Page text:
Almost a year removed now, and Wii Fit sits underneath my television, nearly as new as the day I bought it. Apart from two unrelated and random workout sessions (including one that took place while I was eating a slice of thick-crust Domino’s pizza), I haven’t touched the thing since the first week I bought it, and I’m not alone.
Human beings like the idea of Change. We love planning for Change; we love fantasizing about the end results of said Change, but tend to forget about the middle part which requires the most effort. We’re more than happy to throw hundreds of dollars at the Health Club membership, the jogging outfit, the new shoes, the water bottle and iPod; but when the time comes to put that preparation and positive attitude towards…you know…the thing that gets you from Point A to Point B, we tend to lose steam and once again attempt to determine the Path of Least Resistance. After all, preparation for positive change is the funnest part.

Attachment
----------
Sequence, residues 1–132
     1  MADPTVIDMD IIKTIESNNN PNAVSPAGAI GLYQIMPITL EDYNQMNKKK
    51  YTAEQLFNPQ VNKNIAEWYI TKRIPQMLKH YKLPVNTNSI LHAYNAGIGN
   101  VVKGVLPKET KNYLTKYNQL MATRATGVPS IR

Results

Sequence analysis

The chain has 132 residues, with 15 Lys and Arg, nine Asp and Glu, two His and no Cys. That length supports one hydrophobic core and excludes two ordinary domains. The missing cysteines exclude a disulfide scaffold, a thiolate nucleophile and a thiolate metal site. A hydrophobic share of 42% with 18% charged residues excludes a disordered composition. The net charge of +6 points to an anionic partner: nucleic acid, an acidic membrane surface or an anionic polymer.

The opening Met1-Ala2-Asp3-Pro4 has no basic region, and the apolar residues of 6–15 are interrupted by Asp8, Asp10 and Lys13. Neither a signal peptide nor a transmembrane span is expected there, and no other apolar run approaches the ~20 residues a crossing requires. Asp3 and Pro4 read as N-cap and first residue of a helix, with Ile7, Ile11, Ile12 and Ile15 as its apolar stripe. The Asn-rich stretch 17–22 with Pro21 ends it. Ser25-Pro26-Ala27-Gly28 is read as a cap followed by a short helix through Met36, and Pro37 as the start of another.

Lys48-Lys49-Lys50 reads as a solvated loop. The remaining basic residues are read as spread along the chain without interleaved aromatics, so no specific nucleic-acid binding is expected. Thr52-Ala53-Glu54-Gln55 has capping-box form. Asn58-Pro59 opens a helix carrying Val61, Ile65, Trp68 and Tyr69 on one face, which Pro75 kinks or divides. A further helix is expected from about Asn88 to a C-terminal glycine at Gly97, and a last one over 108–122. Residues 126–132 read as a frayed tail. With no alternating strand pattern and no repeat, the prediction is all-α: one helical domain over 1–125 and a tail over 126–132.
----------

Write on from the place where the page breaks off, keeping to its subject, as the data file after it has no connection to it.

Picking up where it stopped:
We all certainly know how to spend money. Spending money is easy, and we love finding excuses to do it; excuses that make us feel like we’re accomplishing something noble. In this case, a new iPod or track shoes won’t suck the belly fat off of our torsos or tuck the second chin back into our necks all on their own, but the idea that they will is present when we justify our rationalizations. After all, if it’s worth doing, it’s worth doing right, right?
In this regard, the Wii Fit tucked under the television is the Basement Treadmill of the New Millennium. The Bowflex that we hang our clothes on. The NordicTrack that we sold at a garage sale for $20, which now sits unused in someone else’s’ basement. And why? Was it because we lacked the self-control and determination needed to commit to an act as difficult and tedious as weight loss and muscle conditioning? Was it because we realized early that we were in way over our heads; that we didn’t fully realize how much we had to break our irresponsible daily routines to make way for such dedication?
Well, of course not.